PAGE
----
The Pioneers meanwhile had continued to supply the men in Scots Redoubt, a party under Major Porch, along with Lts Bran and Nixon, leaving at 10.20 p.m. and returning at 6 a.m. the following morning. They reported fairly heavy machine gun and artillery fire all along the front, and that many parts of the line from La Boiselle southwards were still in enemy hands.

The 102nd Field Ambulance in Franvillers had begun to feel the effects of the heavy fighting and large number of casualties, and their Diary records that they were ordered to expand the Divisional Rest Station as much as possible. The Diary goes on to record that a marquee and some large tarpaulin covers with wooden uprights were being dispatched from behind the lines. Unfortunately "in some manner these were switched to Frehencourt while en route." The Unit then set about building shelters without these supplies, as the Diary records:

" Tents were borrowed from the sanitary section and the 104th Field Ambulance. A large tarpaulin was obtained from 34th Division stores and stretched over frames that had been built before in anticipation. The second walls of the marquee were taken off and used in the erection of shelters. Shelters covered in tarred felt were rushed up at the hospital, the office staff and orderlies working all through the night on these. The interpreter took out a G.S. wagon and bought several loads of straw which were filled into palliasses by the A.S.C. personnel. The billets of the personnel of the ambulance were taken and the bivouacs of the A.S.C. were also used for the accommodation of patients." The Diary was finally able to report that "Every patient was examined, every wound dressed, every patient was fed and every patient was placed under shelter, each was given a blanket, and the greater majority were given a stretcher or a palliasse."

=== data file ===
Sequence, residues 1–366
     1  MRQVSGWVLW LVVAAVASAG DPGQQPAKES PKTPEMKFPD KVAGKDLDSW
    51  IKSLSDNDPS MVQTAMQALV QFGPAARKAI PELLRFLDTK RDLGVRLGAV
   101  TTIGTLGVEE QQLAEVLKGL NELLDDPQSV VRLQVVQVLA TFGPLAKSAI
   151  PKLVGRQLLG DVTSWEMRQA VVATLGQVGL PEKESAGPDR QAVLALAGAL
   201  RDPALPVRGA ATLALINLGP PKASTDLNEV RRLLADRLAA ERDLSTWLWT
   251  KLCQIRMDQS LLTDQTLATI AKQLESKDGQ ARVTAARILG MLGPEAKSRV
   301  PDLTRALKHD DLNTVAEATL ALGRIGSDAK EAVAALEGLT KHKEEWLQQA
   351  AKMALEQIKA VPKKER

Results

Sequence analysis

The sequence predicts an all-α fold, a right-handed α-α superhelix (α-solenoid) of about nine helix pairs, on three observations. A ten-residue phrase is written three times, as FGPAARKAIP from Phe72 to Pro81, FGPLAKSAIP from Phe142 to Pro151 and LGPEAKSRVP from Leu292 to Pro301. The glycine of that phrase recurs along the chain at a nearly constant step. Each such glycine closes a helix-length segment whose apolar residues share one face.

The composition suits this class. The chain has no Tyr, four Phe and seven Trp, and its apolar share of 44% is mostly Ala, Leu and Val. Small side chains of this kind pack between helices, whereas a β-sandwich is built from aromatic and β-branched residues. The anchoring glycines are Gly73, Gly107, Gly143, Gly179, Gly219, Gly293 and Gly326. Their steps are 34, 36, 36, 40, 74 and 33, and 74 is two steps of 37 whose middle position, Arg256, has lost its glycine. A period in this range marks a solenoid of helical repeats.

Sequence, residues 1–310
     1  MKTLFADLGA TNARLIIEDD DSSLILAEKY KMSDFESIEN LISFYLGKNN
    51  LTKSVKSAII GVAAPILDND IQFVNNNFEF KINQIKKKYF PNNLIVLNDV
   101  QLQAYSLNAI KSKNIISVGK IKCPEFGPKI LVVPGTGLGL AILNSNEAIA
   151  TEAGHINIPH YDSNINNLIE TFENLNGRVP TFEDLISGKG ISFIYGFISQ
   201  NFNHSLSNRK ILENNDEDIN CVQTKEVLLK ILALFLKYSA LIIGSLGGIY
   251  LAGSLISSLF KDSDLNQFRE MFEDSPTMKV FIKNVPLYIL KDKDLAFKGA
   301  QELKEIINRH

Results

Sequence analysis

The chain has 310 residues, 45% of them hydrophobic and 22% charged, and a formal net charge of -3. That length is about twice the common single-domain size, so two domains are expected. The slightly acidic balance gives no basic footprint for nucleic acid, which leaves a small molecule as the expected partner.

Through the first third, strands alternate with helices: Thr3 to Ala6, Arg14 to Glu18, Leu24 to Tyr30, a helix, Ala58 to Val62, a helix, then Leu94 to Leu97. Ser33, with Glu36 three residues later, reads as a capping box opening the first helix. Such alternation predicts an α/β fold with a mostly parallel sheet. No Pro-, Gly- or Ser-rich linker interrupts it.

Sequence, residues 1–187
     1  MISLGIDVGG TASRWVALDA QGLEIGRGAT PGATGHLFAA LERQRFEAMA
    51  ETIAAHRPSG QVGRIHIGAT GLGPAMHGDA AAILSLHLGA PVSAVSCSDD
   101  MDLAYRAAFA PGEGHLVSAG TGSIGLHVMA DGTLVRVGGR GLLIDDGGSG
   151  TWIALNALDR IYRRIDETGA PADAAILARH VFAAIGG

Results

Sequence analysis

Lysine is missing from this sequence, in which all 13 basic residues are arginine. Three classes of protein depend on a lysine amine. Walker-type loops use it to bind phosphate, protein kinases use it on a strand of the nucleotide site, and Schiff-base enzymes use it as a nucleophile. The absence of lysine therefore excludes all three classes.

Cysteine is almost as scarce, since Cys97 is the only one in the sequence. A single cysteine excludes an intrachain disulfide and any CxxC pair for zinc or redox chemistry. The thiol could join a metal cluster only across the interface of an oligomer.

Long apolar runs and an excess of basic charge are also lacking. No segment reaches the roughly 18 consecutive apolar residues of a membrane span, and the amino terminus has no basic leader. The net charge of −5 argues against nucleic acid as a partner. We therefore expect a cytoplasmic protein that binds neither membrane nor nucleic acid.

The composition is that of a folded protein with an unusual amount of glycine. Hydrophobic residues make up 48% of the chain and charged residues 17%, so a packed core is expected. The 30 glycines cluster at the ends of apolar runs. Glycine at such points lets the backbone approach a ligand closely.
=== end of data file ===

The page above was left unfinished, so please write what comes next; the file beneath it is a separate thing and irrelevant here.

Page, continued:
A change in the weather was noted by the Field Ambulance Diarist, in that July 3rd was cloudy and dull most of the day. At 12 noon on 3rd July, 2 more officers joined the small group of men in the mine crater, and Lt Rutherford and Cpl Burns, working under heavy machine gun fire, reconnoitred the ground to the right of the unit, in order to select a route by which they could link up with other troops. Capt Longhurst, of the 4th Tyneside Scottish, and a party of some 100 men subsequently joined the group and succeeded in making the link-up. Meanwhile, the advance progressed favourably, according to the 102nd Machine Gun Company Diary, although 34th Division suffered heavily. The Diary also notes that its men in the crater were not relieved as they were pulling out the next day.